The increased incidence of puerperal endometritis in sows needing manual extraction in the present study corroborated the finding of Björkman et al. (2018); this obstetrical intervention increased the odds for both enlarged uterus and intrauterine fluid accumulation on days 2-7 postpartum. Similarly, obstetrical intervention increases the severity of vaginal discharge (Grahofer et al., 2021). Manual extraction of foetuses is a common obstetrical intervention when there are signs of dystocia (Nam and Sukon, 2022). This intervention can instantly remove the obstructed piglets from the reproductive canal, thereby saving the piglets. It is also used to reduce farrowing duration. However, this practice might result in damage to the endometrium and can transport pathogenic bacteria into the lumen of the uterus in the absence of hygiene of the worker/veterinarian's hand and/or if the intervention is not conducted with care and gentleness (Giuliodouri et al., 2013). This might exacerbate the physiological inflammation response during and after parturition, causing a pathological inflammatory condition and infection of uterus or endometritis. Furthermore, in the current study, the sows needing manual foetus extraction had a substantially longer farrowing duration than the sows experiencing no manual extraction. Moreover, it is not possible to exclude the possibility that manual extraction of foetuses might also cause stress to the sow. Therefore, it could interfere with endogenous oxytocin excretion since the levels of cortisol and oxytocin are negatively associated in crated sows (Oliviero et al., 2008). All of the abovementioned potential consequences of manual extraction might contribute to the increased incidence of puerperal endometritis in the sows. This practice can confer both benefit and cost to the sow and the piglet, and its effect on the farrowing process should therefore be investigated in future studies.

Since the last decade, the sow has been genetically selected to produce more piglets per litter (Koketsu et al., 2017). Unfortunately, an increase in litter size results in an increase in farrowing duration (Nam and Sukon, 2020a) and in the number of dead-born piglets per litter (Nam and Sukon, 2020b; Lanh and Nam, 2022). In this study, both litter size and the number of dead-born piglets per litter were positively associated with farrowing duration. As discussed above, prolonged farrowing might have several disadvantages for the sows, predisposing them to a higher risk of puerperal endometritis. This might explain the positive correlation between litter size and the number of dead-born piglets per litter and puerperal endometritis in the present study.

We hypothesized in this study that gestation length might have a negative association with puerperal endometritis because gestation length has been found to correlate negatively with litter size (Sasaki and Koketsu, 2007; Rydhmer et al., 2008) and therefore it might have a negative association with farrowing duration. In the current study, gestation length was negatively associated with litter size, but no correlation between gestation length and farrowing duration was found. In a recent study, we found a negative association between gestation length and postpartum vaginal discharge (Nam et al., 2022). Similarly, Egli et al. (2022) reported that gestation length was negatively correlated with uterine involution. The finding in the current study might be due to a narrow range in gestation length (113-120 d), whereas in the previous study, it ranged from 112-127 d (Nam et al., 2022).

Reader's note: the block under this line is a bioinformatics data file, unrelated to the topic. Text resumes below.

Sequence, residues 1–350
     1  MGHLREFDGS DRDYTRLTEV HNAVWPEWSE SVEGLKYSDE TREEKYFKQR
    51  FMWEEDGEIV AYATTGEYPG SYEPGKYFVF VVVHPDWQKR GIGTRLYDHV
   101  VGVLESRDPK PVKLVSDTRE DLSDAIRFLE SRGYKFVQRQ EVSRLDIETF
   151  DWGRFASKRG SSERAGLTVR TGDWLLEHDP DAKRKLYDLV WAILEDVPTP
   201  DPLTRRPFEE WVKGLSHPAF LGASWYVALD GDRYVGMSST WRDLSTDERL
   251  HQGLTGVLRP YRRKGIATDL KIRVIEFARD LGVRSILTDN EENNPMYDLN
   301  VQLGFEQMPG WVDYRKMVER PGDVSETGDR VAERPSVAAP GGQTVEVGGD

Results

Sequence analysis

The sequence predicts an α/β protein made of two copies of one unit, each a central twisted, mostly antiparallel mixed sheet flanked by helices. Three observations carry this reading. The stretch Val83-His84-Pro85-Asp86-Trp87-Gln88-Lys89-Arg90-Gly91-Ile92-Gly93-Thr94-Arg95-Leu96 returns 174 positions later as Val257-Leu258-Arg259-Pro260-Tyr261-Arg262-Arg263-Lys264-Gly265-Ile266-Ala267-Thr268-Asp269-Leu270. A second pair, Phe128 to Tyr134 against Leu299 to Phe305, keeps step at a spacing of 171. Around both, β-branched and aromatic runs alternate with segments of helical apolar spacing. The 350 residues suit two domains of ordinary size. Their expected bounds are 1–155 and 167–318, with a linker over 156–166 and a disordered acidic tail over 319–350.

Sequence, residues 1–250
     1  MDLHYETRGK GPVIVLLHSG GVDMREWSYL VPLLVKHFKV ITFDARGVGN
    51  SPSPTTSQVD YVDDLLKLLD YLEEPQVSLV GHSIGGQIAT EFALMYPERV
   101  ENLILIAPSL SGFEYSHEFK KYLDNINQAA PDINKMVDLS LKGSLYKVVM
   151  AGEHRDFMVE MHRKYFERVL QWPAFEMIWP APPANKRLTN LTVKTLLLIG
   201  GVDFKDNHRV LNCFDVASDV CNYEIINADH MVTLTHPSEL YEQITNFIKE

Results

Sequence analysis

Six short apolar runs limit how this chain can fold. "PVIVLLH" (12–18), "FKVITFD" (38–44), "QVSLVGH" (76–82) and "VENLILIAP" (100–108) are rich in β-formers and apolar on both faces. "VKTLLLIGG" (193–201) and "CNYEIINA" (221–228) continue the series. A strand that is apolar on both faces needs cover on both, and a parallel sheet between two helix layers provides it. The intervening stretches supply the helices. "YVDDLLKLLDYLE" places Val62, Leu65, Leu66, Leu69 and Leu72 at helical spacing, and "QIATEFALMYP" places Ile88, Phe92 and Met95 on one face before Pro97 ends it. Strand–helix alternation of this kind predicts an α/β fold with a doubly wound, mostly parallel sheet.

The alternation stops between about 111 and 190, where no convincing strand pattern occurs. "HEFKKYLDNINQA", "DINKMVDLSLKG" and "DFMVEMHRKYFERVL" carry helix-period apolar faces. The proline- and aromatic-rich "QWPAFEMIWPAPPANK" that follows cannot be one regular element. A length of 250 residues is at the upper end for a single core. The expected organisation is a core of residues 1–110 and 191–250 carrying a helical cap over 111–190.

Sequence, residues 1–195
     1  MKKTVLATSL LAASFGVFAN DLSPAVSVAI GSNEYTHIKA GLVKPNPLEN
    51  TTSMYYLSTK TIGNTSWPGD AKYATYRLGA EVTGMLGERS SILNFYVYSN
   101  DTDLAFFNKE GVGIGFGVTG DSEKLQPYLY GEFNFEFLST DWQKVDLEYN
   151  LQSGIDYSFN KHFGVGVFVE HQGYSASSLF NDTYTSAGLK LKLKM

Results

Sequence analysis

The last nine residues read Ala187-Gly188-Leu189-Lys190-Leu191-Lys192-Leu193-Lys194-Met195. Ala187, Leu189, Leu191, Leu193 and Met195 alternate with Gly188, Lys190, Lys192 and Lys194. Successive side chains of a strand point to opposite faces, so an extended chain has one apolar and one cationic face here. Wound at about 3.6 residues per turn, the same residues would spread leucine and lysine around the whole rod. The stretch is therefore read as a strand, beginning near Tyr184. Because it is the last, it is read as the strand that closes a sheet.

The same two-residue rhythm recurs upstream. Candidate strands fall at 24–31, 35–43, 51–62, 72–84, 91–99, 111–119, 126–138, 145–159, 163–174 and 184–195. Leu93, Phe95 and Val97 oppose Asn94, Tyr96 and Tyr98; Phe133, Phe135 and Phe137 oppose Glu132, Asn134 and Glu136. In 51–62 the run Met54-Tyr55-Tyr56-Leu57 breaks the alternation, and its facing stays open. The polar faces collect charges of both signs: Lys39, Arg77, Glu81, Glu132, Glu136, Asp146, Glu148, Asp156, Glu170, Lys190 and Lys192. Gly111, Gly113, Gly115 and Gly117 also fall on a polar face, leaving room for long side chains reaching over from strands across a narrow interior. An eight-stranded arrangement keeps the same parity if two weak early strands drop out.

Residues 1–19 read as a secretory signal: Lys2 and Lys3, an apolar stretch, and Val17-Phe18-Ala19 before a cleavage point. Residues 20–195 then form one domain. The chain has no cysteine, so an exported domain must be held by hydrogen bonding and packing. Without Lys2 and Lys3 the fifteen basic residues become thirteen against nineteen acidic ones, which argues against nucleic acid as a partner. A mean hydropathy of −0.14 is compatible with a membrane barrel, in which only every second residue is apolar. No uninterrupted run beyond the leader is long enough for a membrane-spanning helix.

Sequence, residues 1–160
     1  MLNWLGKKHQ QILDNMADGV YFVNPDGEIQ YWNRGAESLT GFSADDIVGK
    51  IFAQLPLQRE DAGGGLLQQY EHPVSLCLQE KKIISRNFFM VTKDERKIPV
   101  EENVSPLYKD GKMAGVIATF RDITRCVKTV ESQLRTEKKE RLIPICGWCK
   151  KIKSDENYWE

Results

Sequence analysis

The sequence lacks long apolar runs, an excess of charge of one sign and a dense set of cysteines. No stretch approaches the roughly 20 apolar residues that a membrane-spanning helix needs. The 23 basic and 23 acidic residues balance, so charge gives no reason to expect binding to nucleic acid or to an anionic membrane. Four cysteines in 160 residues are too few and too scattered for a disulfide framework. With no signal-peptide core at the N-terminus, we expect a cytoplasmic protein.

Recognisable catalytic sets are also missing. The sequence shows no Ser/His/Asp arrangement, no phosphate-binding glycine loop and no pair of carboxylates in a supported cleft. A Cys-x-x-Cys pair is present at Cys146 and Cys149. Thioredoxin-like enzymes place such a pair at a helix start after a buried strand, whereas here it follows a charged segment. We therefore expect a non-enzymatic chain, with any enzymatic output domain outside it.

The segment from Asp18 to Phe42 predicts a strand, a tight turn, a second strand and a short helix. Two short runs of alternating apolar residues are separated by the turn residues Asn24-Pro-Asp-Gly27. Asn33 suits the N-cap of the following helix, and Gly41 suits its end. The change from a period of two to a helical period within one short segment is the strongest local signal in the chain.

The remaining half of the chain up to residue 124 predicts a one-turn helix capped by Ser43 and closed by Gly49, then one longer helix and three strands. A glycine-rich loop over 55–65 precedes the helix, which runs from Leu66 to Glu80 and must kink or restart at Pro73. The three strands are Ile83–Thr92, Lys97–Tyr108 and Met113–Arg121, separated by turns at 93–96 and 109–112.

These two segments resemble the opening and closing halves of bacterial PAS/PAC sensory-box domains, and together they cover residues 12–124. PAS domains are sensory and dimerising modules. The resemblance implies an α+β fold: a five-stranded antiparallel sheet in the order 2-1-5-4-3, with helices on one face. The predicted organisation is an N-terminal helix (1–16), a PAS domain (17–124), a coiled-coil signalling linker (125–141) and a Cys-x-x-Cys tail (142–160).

The use of oxytocin during farrowing has been reported to increase the proportion of sows with increased postpartum uterine size, i.e., 58 vs 38% (Björkman et al., 2018). However, in the present study, oxytocin did not have a strong association with puerperal endometritis. This statistically insignificant effect of oxytocin on puerperal endometritis might be attributable to the fact that sows with intrapartum oxytocin use had a similar farrowing duration, incidence of manual extraction, number of dead-born piglets per litter, and litter size in comparison with those without intrapartum oxytocin use.



This study showed that puerperal endometritis was common in sows; manual extraction of foetuses, prolonged farrowing, and increased number of dead-born piglets per litter were the most important risk factors for the disorder. Determination of risk factors for puerperal endometritis will help farm owners/workers/veterinarians detect sows at risk and intervene with proper care and treatment.



Authors would like to express their gratitude to Mr. Ngo Van Toan for his assistance in data collection.

Conflict of Interest Declaration

The authors declare that they have no conflict of interest.

Authors' Contributions

NHN (ORCID: 0000-0002-2110-0006) collected data; NHN, BTAD (ORCID: 0000-0002-4639-8945), and PS (ORCID: 0000-0002-0899-2572) designed the study, analysed data, interpreted results, and wrote the manuscript.



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Submitted 5 January 2023
Accepted 23 November 2023
Published 8 January 2024